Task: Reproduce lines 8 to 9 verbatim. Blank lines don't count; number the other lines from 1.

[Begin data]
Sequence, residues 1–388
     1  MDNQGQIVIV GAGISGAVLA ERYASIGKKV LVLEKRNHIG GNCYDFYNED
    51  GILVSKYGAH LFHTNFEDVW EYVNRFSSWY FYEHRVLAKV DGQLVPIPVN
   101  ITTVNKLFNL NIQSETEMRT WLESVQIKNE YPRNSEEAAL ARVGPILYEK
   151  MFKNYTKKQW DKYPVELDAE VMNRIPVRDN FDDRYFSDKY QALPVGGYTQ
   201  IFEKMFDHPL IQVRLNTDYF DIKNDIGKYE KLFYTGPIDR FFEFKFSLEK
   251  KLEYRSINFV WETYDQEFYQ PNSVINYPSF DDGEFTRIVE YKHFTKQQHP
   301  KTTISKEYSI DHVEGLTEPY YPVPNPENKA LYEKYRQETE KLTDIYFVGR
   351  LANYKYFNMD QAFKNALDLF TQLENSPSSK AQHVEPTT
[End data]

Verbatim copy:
   301  KTTISKEYSI DHVEGLTEPY YPVPNPENKA LYEKYRQETE KLTDIYFVGR
   351  LANYKYFNMD QAFKNALDLF TQLENSPSSK AQHVEPTT